The city is poised to pay Ansaldo Honolulu JV an additional $160 million on top of an existing $616 million deal to deliver Honolulu rail’s driverless trains and communications systems.
The settlement, which the Honolulu Authority for Rapid Transportation board is expected to approve Thursday, will cover more than 2,000 days of delays for Ansaldo since the Hitachi-based firm received a $1.4 billion total contract in 2011 to design, build, operate and maintain the project’s trains and signaling systems.
It’s the latest consequence of delays that have plagued the island’s 20-mile, 21-station project for the past decade or so. Last week, a report from the state auditor’s office flagged a separate $354 million in cost increases that occurred when the city awarded rail’s initial construction contracts too early.
HART’s Waipahu rail station under construction.
Cory Lum/Civil Beat
On Monday, however, HART Executive Director Andrew Robbins touted the settlement with Ansaldo as a win for taxpayers. The sum is far less than the $275 million that Ansaldo originally submitted last fall, Robbins said. Also, it falls within what HART had budgeted to pay out for the claim, he said.
Robbins declined to specify what the rail agency had budgeted, however. He said doing so could hinder HART in its future dealings with the project’s contractors. Overall, the settlement is covered by the project’s current $8.3 billion construction budget, Robbins said.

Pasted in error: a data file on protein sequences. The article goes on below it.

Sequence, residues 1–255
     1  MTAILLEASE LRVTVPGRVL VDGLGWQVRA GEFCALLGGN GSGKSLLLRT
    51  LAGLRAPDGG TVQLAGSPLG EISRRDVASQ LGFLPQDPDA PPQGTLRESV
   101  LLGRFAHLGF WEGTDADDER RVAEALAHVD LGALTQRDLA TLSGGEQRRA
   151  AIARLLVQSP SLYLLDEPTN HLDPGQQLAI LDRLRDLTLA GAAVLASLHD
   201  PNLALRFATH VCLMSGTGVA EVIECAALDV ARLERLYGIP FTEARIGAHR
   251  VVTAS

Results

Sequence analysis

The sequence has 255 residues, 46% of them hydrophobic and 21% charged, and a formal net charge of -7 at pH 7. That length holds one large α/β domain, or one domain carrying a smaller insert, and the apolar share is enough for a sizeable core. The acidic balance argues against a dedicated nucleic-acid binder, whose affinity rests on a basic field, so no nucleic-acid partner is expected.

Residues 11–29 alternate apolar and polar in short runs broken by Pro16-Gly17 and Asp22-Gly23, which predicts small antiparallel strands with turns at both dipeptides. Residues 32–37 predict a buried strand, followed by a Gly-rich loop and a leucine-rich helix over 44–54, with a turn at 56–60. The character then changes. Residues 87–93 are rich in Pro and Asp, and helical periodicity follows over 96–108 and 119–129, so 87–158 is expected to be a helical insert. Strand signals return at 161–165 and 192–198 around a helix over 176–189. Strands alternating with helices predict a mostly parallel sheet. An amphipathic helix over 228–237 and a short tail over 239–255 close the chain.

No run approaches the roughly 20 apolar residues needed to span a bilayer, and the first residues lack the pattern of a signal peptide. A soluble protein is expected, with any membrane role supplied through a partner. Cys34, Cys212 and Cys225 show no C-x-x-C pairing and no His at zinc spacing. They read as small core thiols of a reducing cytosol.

HART officials saw the Ansaldo cost increase coming and budgeted for the expense, even though the magnitude of the dispute publicly didn’t surface until a board meeting in September, when board member Ember Shinn said the cost would be “mega-substantial.”
HART executive director Andrew Robbins said the settlement is actually good news for taxpayers.
Nathan Eagle/Civil Beat
The settlement removes a key unresolved risk item that had loomed over the project, Robbins said.
The settlement announced Monday only covers Ansaldo’s costs to design and build rail’s control systems along the full rail line, which ends at Ala Moana Center. It doesn’t cover any delay costs associated with Ansaldo’s operating and maintaining the rail system, which is the second part of its total contract.
Robbins said he expected those costs wouldn’t be nearly as expensive, since rail’s operations and maintenance weren’t nearly as impacted by construction delays.
The settlement doesn’t preclude future potential claims from Ansaldo as construction heads into Honolulu’s urban core. That work is largely thought to be the most challenging of the project.
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